Tuesday, February 28, 2012

Twofer 2-28

Two interesting things out there in the blogosphere this week. Today Andrew over at Taiwan in Cycles blogged on Jeremy Lin, race, and Chinese nationalism as only he can....
As Americans, with their immense baggage of a history smeared by racial conflict, try to play down and pass censure on the issue of "race", modern Chinese nationalism is founded on a bedrock of racialism that hopes to exploit the west's own vehicle for colonialism to further their own goals of territory and wealth.


Chinese nationalisms in both the PRC and the ROC, continue to use the dated and logically incongruous Sunist construct for defining "Chinese" and "Chineseness", as a shared system of culture, customs, language, history and people. The need to create uniformity in this model that might incorporate vastly different cultures, languages, customs, histories across a wide geographical area under a single national Chinese nationalist umbrella, took the form of a fascist style of state culturalism, in which the state became the creator and promulgator of a centralized and monolithic state Chinese culture. China is not a homogenous place by any means and the fear of regional nationalisms was, and still is, a real threat to maintaining the old Qing borders.
Today is the anniversary of 2-28, a massacre and subsequent terror that took the lives of thousands of educated Taiwanese, "tainted" and impure in Sunist racialist terms by their long association with the Japanese. This racialist view of what constitutes "Chineseness" continues to haunt Taiwan in countless ways, from its exploitation by Beijing in vain appeals to ethnic solidarity with the Taiwanese, who long ago took another path, to the two classes of immigrants to Taiwan: the favored Overseas "Chinese" -- and everyone else.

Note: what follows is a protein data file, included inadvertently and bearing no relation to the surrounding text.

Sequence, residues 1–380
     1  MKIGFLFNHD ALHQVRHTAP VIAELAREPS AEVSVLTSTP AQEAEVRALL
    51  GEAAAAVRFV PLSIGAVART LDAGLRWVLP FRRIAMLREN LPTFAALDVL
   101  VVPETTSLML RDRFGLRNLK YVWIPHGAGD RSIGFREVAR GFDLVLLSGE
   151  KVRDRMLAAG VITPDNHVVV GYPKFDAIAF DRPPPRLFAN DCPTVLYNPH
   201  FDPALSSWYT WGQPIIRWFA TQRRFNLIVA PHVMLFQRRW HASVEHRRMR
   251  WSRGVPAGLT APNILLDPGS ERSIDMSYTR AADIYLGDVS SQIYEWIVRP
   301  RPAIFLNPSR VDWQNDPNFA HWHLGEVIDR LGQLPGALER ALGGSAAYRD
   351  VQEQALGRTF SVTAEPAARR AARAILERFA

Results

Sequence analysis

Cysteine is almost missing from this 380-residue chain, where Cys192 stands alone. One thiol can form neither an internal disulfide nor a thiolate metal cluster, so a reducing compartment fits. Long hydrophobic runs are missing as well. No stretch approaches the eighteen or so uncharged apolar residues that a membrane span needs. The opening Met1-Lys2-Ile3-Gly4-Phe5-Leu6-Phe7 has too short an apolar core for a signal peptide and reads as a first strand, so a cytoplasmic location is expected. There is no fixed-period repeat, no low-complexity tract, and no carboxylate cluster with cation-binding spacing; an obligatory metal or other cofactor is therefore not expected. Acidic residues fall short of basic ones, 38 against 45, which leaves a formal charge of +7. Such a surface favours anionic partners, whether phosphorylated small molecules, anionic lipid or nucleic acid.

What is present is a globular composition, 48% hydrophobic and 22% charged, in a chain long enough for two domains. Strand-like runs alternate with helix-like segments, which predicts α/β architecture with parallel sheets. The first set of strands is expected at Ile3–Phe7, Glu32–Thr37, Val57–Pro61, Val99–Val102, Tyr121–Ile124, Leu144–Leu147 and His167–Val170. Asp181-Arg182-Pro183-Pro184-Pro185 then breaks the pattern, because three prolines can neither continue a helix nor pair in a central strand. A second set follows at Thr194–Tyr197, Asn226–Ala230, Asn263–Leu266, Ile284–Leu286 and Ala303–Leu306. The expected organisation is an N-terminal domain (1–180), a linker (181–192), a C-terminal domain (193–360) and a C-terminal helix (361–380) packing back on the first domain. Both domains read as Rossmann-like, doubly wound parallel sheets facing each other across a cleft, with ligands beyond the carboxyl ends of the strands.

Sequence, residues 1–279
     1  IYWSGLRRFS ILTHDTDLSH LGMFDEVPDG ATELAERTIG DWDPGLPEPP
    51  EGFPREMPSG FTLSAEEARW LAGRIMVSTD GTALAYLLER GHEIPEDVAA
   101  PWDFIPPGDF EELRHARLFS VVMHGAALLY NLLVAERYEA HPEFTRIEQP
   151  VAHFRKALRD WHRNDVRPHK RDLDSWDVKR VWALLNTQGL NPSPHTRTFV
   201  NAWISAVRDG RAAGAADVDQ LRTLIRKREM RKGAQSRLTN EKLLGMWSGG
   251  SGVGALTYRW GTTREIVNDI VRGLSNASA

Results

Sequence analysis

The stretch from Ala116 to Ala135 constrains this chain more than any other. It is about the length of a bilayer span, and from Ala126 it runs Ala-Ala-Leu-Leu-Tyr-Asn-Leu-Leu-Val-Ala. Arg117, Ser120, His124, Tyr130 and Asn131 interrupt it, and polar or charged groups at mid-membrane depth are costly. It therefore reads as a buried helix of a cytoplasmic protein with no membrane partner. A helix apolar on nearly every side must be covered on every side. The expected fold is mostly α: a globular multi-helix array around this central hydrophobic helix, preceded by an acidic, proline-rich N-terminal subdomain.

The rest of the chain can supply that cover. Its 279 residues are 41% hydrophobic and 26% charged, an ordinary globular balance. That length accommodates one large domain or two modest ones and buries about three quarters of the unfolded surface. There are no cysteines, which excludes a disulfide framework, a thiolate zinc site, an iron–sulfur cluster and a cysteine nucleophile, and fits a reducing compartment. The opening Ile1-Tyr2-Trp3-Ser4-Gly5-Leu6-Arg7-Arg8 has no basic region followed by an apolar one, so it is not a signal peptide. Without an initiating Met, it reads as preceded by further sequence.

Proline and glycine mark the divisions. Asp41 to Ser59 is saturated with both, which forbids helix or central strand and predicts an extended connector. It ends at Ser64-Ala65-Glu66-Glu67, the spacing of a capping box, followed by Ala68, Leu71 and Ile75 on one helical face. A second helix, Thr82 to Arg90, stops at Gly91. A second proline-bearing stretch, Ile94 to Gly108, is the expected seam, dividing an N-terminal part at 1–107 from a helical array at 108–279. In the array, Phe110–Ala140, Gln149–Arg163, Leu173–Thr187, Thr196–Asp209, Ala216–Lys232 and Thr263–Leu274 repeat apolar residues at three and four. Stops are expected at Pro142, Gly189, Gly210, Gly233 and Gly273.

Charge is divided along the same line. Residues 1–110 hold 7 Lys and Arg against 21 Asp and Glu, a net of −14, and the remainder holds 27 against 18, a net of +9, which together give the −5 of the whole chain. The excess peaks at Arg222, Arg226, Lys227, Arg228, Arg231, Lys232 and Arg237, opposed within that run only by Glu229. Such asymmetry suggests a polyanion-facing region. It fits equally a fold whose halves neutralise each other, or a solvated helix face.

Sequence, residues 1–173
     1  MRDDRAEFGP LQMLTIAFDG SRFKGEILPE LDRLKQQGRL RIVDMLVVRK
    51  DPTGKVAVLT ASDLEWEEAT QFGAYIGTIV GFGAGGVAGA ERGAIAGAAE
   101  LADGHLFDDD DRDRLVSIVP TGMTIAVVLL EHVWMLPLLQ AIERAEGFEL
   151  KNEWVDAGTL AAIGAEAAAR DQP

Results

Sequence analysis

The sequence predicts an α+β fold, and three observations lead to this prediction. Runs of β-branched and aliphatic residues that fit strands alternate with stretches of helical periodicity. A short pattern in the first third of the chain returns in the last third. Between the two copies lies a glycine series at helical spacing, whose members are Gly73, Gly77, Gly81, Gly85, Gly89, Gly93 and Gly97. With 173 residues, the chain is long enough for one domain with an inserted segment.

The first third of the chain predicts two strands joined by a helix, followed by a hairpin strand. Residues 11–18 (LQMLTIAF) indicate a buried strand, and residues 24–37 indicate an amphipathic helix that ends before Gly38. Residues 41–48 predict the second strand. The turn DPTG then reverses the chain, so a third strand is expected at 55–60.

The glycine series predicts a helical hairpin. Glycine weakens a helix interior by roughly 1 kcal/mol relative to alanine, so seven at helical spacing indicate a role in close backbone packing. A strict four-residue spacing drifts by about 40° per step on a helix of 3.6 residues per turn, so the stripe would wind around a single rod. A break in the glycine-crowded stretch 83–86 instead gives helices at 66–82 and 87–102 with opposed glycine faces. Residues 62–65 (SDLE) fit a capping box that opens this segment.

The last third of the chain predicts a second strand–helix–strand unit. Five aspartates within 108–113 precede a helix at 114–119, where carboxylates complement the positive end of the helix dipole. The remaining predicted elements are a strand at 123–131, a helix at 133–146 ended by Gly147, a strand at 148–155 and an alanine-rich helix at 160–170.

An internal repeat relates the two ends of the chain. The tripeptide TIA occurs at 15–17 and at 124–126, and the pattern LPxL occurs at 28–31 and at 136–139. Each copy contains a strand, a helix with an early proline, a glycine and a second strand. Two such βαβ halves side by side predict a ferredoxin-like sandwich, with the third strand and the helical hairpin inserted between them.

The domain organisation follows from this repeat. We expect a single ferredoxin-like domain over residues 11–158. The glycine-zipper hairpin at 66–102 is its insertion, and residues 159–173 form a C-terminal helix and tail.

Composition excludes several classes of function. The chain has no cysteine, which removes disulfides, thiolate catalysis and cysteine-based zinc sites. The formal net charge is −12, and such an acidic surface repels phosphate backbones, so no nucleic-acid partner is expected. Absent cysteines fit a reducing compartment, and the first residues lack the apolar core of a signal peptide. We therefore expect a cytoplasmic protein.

Andrew's whole post is full of links and insights, spend some time with it.

Quite different is another post a thoughtful reader sent a link to: The Taiwan Bubble Set to Burst. Apparently CLSA has recommended all seven Taiwan banks in its reports are SELL:
Banks are now in the late stages of their credit cycle. After over a decade of loose lending, Taiwan faces the prospect of a bursting housing bubble and a crisis in tech, where the companies are turning into zombies and refusing to die. Credit tightening should accelerate the seasoning process. We reiterate our SELL recommendations on all the market’s banks, especially since earnings should be front-loaded this year. For those who must be in the sector, we suggest Chinatrust for its credit-card franchise and prudent credit policy.

Easy access to credit over 2000-10 led to overinvestment in commodity-tech such as Dram, panels, LED and solar. Housing now faces poor affordability and oversupply. Property prices rose 133% over the past 10 years, but vacancies increased from 13% to 19% over the same period.

Though the timing of the bust is hard to predict, credit tightening should accelerate the seasoning process. It will not only trigger failures and financial restructuring in tech, but also pressure mortgage borrowers and property developers. Tightening will lead to increasing demand for consumer-credit and home-equity loans, while trends in the unorganised money-market rate (ie, loan sharks) and dishonoured cheques suggest signs of trouble.
One hardly knows whether to laugh or cry: Ma's election, ECFA, it was all supposed to save the economy. Think the Ma Administration will do anything real about it? I hear there's some deck chairs on the Titanic that need re-arranging....
Daily Links:
USC US-China Institute
03-02-2012: A Conversation with Ambassador Jason Yuan
Davidson Conference Center, Boardroom
University of Southern California, Los Angeles, CA 90089
Cost: Free, please RSVP
Time: 11:00AM-12:00PM

Don't miss the comments below! And check out my blog and its sidebars for events, links to previous posts and picture posts, and scores of links to other Taiwan blogs and forums! Delenda est, baby.

1 comment:

Readin said...

"Kenting claims another foreign cyclist."

I'm always amazed when I see your posts of you riding with your children on the roads of Taiwan. I don't think I would have the guts to ride a bicycle myself on mixed traffic roads in Taiwan - much less my kids.

Trails made for biker and walkers only - sure. But in the short time I was in Taiwan I heard about too many scooter deaths (either someone I knew or an acquaintance of someone I knew) to risk a bicycle which is much less noticeable, much less capable of accelerating out of trouble, and less capable of transferring momentum to a struck object in the event of an accident.